Peanut butter pie, peanut cups, boiled peanuts, things deep fried in peanut oil,… we know, we know, peanuts are an incredibly versatile food packed with protein, healthy fats, fiber, iron, and more. They are found in a variety of dishes and in some of the most delicious foods. Yet, for many people, these delicious offerings are deadly.
For people with peanut allergies, eating outside of their own kitchens can be a stressful experience. They have to rely on servers to know the menu, cooks to not cross contaminate food, and trust that everyone is telling the truth. What if we told you that those people at risk for peanut allergies may have been able to deter developing allergies by being exposed to peanuts at an early age?
As a parent whose child might be at risk for a peanut allergy, it can be scary knowing your child could develop a life-threatening allergy. Studies have shown us early exposure to peanuts could significantly reduce the chances of children at risk for an allergy from developing that allergy.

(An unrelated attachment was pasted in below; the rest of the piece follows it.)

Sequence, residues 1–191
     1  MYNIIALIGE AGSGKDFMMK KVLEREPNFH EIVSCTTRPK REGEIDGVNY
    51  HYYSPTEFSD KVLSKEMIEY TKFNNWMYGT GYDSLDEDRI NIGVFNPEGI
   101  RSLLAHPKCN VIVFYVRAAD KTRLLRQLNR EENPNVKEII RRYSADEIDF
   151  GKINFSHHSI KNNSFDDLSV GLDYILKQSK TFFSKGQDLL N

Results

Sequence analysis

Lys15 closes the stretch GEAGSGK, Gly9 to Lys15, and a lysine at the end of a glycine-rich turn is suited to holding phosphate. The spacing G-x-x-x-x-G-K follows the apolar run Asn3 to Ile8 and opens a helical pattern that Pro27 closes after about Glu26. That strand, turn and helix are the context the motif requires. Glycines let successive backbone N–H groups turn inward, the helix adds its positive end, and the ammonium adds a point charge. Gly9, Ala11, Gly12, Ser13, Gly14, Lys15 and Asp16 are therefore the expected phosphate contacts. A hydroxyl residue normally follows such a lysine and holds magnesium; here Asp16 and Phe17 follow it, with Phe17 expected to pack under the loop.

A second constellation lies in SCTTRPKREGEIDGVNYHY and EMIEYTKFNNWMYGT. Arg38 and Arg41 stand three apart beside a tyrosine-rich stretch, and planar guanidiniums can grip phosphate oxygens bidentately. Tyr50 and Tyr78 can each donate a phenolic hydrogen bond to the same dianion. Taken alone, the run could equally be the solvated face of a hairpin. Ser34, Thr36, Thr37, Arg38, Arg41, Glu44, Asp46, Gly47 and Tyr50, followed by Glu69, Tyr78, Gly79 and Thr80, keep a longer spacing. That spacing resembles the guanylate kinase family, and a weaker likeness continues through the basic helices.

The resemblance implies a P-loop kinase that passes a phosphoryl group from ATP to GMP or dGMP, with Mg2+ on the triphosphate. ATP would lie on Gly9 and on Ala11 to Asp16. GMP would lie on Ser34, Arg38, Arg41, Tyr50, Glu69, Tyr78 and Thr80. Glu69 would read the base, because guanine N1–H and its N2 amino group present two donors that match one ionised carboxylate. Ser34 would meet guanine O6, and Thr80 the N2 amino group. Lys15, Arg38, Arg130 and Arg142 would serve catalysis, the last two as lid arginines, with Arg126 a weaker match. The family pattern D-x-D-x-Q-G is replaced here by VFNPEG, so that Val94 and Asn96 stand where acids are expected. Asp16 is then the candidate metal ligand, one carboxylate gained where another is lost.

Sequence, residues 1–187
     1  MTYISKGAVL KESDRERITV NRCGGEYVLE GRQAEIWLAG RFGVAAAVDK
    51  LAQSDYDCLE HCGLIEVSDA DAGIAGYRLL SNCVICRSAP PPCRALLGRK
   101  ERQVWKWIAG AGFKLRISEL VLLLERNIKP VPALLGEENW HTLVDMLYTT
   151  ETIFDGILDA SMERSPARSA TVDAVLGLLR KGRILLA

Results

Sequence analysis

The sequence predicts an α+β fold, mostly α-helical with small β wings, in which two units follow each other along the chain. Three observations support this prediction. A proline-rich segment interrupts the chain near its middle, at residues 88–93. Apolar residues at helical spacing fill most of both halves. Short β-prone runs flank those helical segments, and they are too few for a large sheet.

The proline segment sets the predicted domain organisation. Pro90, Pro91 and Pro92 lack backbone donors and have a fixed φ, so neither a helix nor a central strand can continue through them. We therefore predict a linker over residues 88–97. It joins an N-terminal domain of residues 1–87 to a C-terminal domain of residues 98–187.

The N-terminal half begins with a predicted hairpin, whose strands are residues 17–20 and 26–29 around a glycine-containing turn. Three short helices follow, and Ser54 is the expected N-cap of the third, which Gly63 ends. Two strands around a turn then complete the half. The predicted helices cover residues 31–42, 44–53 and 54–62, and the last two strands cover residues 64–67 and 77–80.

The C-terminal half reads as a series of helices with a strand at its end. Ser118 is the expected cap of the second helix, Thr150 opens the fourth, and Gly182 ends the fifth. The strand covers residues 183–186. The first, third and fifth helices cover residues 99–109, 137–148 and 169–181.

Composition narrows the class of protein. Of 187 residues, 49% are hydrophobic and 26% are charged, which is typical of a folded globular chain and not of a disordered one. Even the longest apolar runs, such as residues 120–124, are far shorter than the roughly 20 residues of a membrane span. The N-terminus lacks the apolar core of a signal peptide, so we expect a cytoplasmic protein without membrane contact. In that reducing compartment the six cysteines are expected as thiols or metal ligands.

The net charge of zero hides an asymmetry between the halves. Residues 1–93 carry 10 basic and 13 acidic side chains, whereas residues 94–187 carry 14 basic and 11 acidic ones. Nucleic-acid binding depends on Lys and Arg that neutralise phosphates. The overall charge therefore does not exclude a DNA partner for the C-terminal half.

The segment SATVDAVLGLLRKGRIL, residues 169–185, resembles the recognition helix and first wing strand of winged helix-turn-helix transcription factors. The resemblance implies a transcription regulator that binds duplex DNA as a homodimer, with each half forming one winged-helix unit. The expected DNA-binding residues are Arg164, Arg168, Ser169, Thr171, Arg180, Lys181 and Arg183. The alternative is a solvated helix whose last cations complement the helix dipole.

We’re talking an 86% decrease. That’s life-changing.
Peanut allergies are no joke, so why risk it? Working closely with a doctor and allergy experts to help prevent allergy formation in childhood goes a long way to keeping people safe and healthy as adults. It is better to expose a child early on and let them build up a tolerance to peanuts than to avoid the potential allergen and risk sending their body into shock later in life.
Early exposure includes introducing peanut protein to children around the ages of 4-6 months. This looks like offering thinned peanut butter, powdered peanut butter, peanut puffs, and other easy to consume peanut products.
Pediatricians and allergy experts recommend early exposure as a way to deter future peanut allergies. As with all medical decisions, be sure to consult your child’s medical doctor to help determine the best course of action. Early exposure invests in the health and safety of your child’s future. Through intentional effort early on you can avoid an entire lifetime of trusting other people with your loved one’s life.
Written by: Halley Cotton, Alabama Media Group